Democrat Hillary Clinton and Republican Donald Trump have strengthened their grips on their parties' presidential nominations, racking up wins in key states on Super Tuesday, the primary season's most important day of voting.
On the Republican side, Trump took Arkansas, Georgia, Alabama, Tennessee, Virginia, Vermont and Massachusetts. Senator Ted Cruz took his home state of Texas as well as Oklahoma and Alaska. Florida Senator Marco Rubio picked up his first win of the primary season in Minnesota.
The results were not surprising. Opinion polls had showed Trump and Clinton with large leads in Super Tuesday states and nationally. In their victory speeches, each candidate focused on the other, rather than their primary opponents.
Ford O'Connell, a Republican strategist, said Trump came out on top on the Republican side, and is now the "clear prohibitive frontrunner."
"Donald Trump won big tonight," O'Connell told VOA, adding that the billionaire businessman may actually benefit from losing several contests to his rivals. "His greatest ally is a divided GOP field, so all around it's nearly perfect night for Trump," he said.
Read more from William Gallo at Voice of America
With Super Tuesday returns coming in, Republican leaders are doing the same thing as everyone else — waiting to see if, or more likely, how thoroughly, businessman Donald Trump trounces the rest of the GOP field. And for those elected officials waiting to decide their endorsements, Tuesday's results could provide valuable data to help calculate if any path forward remains for the so-called establishment to stop Trump from winning the nomination.
Endorsements have typically been a reliable predictor for nominations, under the assumption that politicians want to go with a winner and help steer a candidate to the top. This year, however, Florida Sen. Marco Rubio is leading in endorsements from fellow officeholders, but has yet to win a single state.
How Super Tuesday shakes out could shift the converstation, political analysts said. And in a race where endorsements have lacked clout so far, Trump — a brash outsider who has only recently gained some backers after being scorned or at best tolerated by the party — could be the sole candidate to pick up undecided Republican leaders.
"The more Trump wins, psychologically, the easier it is to bring him into this tent," said Ford O’Connell, a political analyst and Republican strategist who worked on the 2008 John McCain presidential campaign.
"It really depends on what happens today," O'Connell said. "Nothing in this cycle has gone according to script."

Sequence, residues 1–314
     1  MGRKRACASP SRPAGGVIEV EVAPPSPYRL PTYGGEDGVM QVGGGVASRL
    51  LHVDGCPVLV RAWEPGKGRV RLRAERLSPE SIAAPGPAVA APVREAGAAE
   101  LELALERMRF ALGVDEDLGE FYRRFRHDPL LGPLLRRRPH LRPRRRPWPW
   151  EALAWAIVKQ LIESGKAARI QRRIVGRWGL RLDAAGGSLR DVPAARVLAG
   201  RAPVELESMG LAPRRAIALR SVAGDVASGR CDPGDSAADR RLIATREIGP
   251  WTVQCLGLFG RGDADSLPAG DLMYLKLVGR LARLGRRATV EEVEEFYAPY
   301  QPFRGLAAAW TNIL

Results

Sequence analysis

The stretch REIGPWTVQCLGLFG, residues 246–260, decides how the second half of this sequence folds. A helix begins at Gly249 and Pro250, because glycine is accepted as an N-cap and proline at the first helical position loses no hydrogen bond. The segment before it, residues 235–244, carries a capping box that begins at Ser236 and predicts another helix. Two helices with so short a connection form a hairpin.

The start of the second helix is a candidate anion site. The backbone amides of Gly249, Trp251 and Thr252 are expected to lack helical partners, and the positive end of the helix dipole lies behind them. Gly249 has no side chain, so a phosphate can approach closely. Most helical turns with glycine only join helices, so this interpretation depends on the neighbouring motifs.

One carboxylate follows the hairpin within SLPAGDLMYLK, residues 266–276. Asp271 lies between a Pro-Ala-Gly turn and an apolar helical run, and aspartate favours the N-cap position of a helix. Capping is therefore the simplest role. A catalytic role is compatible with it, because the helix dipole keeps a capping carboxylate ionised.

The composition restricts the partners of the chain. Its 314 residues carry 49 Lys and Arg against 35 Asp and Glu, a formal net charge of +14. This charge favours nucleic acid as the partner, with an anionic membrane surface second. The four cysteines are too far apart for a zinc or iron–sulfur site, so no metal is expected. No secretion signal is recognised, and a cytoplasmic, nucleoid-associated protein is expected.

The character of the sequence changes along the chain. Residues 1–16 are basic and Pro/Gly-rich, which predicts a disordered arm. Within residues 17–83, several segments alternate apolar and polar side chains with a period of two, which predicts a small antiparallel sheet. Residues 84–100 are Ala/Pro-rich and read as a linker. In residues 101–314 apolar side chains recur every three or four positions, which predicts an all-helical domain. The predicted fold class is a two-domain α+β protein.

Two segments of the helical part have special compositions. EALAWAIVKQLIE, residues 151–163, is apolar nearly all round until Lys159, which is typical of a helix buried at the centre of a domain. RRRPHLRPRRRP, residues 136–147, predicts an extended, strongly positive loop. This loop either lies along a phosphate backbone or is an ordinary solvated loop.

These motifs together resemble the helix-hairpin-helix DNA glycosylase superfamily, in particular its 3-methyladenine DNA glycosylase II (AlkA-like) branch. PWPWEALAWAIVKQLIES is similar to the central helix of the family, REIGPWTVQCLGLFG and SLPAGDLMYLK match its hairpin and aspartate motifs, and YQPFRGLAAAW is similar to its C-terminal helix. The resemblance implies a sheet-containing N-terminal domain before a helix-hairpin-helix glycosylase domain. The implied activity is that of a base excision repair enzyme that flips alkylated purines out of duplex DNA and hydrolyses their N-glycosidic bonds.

Read more from Tim Marchin at International Business Times
Donations continue to flow in for presidential hopefuls as they head into Super Tuesday, the single most important presidential contest in the 2016 election. For Florida Senator Marco Rubio’s campaign it’s a moment to seize on “Marcomentum” and win key primary states on Tuesday with 595 delegates up for grabs in the GOP race.
“If you win a state on Super Tuesday there is a possibility that you will win Florida, if Marco wins Florida then he is still in the game,” said Ford O’Connell, Republican strategist and former advisor for the 2008 McCain-Palin campaign.
He says a lot is riding on Rubio’s candidacy for the Republican party now that establishment candidate, Jeb Bush is out of the race.
“A lot of the Bush supporters have realized that Rubio gives them the best chance to win, in terms of beating Trump in a one on one. I believe if Rubio puts up a ‘W’ and certainly holds on to Florida, then you will see a whole bunch of people supporting him,” said O’Connell.
Read more from Elizabeth Chmurak at Fox Business
The first day of multiple-state voting looms large in a wild presidential race after early states trimmed the field and the brash billionaire and his army of outsider voters are positioned to send panic through the Republican establishment by tightening his grip on the party's nomination.
A CNN/ORC national poll out Monday shows Donald Trump in a dominant lead, getting 49% of the Republican primary vote -- 30 percentage points ahead of Florida Sen. Marco Rubio. On the Democratic side, Clinton tops Sanders 55% to 38%.
The contests, across 12 states, herald several weeks of nationwide skirmishes that will be decisive in determining who gets to face off for the White House in the fall.
Republican leaders and operatives, meanwhile, are wondering whether the blitz against Trump by Rubio at CNN's debate in Houston on Thursday came too late to halt the billionaire businessman.
"I am not sure throwing the whole kitchen sink is going to make much difference in the trajectory of the race," said Ford O'Connell, a GOP strategist not currently working for any presidential candidate. "Political scientists are going to wonder for years why they didn't go after him a lot earlier."
Read more from Stephen Collinson at CNN
A general election showdown between Hillary Clinton and Donald Trump promises not only to be a political cage match for the ages, but also an ultimate battle of style against substance, political pundits predict.
“Trump is selling a vision,” said GOP strategist Ford O’Connell. “Hillary Clinton is selling a certain set of policies and trying to convince certain people to stick with them. The only way to beat Trump is to go after his vision.”
Don’t expect Trump, whose bombastic and often bruising style has drawn controversy as well as rising poll numbers, to suddenly turn into a policy wonk and engage in a debate of ideas. At the same time, Clinton has to shatter the image of Trump as the outsider hero who can deliver Washington from the establishment.